Sylvia Plath stuck her head in an oven. Vladimir Mayakovsky put a bullet in his heart. Anne Sexton sat in her car until the exhaust took her. Sara Teasdale downed a bottle of sleeping pills. And Ingrid Jonker walked into the sea.
A friend and I were recently discussing our favorite poets and authors, and I came to the horrifying realization that many of my literary heroes committed suicide. Wikipedia even has pages that list their deaths: 140 for poets, 329 for writers. Though people who don’t write also suffer from mental illness, there seems to be some terrible relationship between the arts and mental struggles.
There are multiple reasons for this. Popular culture is one. It romanticizes the often troubled minds of writers. We portray creative people who die young and tragically as though they died because there was something in them too rare and too fragile to survive this world. Though I use ‘Tortured Artist’ as a tongue-in-cheek phrase, the relationship between those words has become codified in modern society. An artist – it is assumed – must be tortured in order to create art.
Lack of mental healthcare also contributes to the high number of deaths. Only in modern times have we begun to be able to understand and manage illnesses like depression. What kind of support did Marina Tsvetaeva have in Soviet Russia? What kind of support did Ernest Hemingway have in the US in 1961? Not enough.
Of course even modern medicine has not been able to resolve the deepest of depressions. Before his death, David Foster Wallace wrote that nothing offered relief from “the pain and feelings of emotional isolation that rendered the depressed person’s every waking hour an indescribable hell on earth.”
And depression may feel that way sometimes. But I worry that we have normalized pain and suffering as just another step on a writer’s path. This causes people to suffer more either because they think depression is an escapable fate or because they worry that without their suffering they will lose their connection to their art.
I like to believe that writers do not have to be in pain in order to describe beauty. I like to believe that misery is not a prerequisite of writing.
Our zeitgeist needs to disconnect romance and unhappiness. As Benjamin Moser says,
“A dead young writer is, above all, a dead human being. And for any human being, early death is a hideous reality. It is no more romantic than tuberculosis or syphilis, diseases once thought to confer a sexy allure on their victims…There is something grotesque about finding romance in drug abuse, or car crashes, or venereal disease. Far better to admire the writer’s real talent: for getting up every morning, going back to the desk, keeping at it, not dying.”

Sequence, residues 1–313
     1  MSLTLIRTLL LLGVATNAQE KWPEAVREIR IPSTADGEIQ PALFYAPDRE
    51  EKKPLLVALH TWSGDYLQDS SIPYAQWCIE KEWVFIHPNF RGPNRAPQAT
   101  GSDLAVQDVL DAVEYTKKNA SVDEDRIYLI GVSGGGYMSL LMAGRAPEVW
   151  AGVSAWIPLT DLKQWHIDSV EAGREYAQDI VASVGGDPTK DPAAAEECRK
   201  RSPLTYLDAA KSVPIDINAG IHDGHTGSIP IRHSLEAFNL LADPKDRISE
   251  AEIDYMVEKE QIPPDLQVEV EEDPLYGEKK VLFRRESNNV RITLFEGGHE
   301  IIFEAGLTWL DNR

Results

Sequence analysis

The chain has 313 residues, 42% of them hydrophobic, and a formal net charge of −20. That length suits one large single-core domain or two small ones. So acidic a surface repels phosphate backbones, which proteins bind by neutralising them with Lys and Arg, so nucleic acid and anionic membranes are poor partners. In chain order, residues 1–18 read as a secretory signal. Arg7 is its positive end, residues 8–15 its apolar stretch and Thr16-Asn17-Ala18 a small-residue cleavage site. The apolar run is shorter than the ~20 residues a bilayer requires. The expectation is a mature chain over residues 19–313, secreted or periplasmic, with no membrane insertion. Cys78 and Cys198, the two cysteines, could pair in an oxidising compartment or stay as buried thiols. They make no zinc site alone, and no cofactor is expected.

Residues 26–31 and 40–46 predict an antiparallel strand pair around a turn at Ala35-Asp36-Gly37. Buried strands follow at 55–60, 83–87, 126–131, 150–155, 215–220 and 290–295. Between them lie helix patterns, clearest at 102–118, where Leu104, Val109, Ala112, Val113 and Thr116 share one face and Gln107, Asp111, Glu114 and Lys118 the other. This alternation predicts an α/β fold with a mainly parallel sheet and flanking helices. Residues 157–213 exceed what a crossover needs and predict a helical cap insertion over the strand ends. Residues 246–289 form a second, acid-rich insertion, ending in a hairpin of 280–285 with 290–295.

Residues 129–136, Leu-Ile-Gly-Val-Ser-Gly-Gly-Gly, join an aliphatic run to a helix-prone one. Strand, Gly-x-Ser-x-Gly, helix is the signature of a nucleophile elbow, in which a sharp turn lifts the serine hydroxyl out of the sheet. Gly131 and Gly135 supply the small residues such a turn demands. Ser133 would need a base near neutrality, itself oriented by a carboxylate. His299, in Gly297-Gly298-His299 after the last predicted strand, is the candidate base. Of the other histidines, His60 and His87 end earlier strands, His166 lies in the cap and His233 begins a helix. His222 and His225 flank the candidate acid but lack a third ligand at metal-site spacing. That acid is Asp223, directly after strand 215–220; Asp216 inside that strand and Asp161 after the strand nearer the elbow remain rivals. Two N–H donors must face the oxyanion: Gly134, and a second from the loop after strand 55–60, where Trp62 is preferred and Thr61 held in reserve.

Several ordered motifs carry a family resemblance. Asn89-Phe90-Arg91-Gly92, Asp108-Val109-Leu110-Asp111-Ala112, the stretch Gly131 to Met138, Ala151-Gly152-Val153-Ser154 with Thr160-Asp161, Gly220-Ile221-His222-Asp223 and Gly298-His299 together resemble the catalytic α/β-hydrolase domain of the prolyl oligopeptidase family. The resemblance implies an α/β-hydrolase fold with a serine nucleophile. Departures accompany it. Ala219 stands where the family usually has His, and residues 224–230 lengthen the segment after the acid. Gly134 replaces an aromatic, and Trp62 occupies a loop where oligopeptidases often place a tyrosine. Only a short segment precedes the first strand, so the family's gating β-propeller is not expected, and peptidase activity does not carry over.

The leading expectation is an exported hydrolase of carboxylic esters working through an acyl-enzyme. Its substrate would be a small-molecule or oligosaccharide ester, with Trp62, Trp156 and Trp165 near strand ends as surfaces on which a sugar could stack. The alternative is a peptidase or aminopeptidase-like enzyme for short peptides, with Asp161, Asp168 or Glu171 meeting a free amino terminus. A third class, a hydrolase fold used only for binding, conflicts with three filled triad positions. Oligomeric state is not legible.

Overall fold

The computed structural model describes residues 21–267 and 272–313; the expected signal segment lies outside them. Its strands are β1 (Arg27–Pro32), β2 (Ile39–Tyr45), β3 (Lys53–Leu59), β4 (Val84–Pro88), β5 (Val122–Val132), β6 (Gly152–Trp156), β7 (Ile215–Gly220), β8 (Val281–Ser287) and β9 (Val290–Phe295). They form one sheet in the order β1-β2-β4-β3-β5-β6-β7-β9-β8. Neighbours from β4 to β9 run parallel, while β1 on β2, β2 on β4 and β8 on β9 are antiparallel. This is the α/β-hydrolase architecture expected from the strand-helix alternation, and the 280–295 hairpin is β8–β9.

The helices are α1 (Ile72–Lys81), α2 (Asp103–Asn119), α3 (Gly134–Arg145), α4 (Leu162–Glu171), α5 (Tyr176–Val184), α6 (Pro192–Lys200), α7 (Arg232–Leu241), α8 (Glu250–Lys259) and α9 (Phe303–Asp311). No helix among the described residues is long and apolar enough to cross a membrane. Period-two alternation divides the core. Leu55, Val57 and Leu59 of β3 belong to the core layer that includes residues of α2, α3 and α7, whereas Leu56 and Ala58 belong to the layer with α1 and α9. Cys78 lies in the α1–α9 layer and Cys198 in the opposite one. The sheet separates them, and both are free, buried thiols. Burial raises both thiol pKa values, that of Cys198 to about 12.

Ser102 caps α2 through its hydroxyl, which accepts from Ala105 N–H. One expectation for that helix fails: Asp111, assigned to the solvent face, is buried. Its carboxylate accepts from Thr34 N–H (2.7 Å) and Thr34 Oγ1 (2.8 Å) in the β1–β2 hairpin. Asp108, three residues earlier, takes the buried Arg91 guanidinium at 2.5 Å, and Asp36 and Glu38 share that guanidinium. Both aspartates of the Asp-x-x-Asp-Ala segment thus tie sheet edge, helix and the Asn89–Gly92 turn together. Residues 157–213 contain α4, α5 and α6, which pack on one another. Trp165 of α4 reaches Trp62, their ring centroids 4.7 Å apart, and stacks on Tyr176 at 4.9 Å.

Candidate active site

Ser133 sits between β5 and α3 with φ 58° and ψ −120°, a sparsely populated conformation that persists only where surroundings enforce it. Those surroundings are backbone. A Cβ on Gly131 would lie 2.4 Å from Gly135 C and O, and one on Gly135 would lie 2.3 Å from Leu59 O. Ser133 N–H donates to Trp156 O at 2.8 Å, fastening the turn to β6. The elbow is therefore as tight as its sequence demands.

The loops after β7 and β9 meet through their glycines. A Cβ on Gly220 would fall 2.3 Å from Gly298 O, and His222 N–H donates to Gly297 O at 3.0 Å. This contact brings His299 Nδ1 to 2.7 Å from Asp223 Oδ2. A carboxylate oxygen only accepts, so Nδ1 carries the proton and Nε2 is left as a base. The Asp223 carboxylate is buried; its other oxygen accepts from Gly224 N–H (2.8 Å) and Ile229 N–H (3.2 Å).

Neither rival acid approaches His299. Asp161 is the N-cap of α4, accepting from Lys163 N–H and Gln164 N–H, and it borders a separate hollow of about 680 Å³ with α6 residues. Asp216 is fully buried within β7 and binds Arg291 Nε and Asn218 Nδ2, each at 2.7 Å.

But for people stuck in cycles of depression, knowing that and living it can be two very different things. Society has made the connection between art and struggle, and it can be a difficult narrative to abandon.
After all, Sylvia Plath stuck her head in an oven.
Vladimir Mayakovsky put a bullet in his heart. Anne Sexton sat in her car until the exhaust took her. Sara Teasdale downed a bottle of sleeping pills. And Ingrid Jonker walked into the sea.
And we talk about their deaths as though they are beautiful.
If you or someone you know is suffering from depression or is having a difficult time, the following resources are free and available to people in the US. Please know that you are not alone.
National Suicide Prevention Hotline: 1-800-273-TALK (8255) or chat online
SAMHSA Treatment Referral Helpline: 1-877-726-4727 or visit the online treatment locator
For related studies, see:
Gould, Madelyn, et. al., “Media Contagion and Suicide among the Young,” American Behavioral Scientist 46:9 (2003), http://abs.sagepub.com/content/46/9/1269.short
Kaufman, James C., et. al., “Insane, Poetic, Lovable: Creativity and Endorsement of the “Mad Genius” Stereotype,” Imagination, Cognition and Personality 26:1 (2006), http://ica.sagepub.com/content/26/1/149.short
Waddell, Charlotte, “Review Paper: Creativity and Mental Illness: Is There a Link?” Canadian Journal of Psychiatry 43:2 (1998), http://ww1.cpa-apc.org/French_Site/Publications/Archives/CJP/1998/Mar/mar98_revpap1.htm
Image Attribution: ‘Fortepan’, Angela Botar, 1938.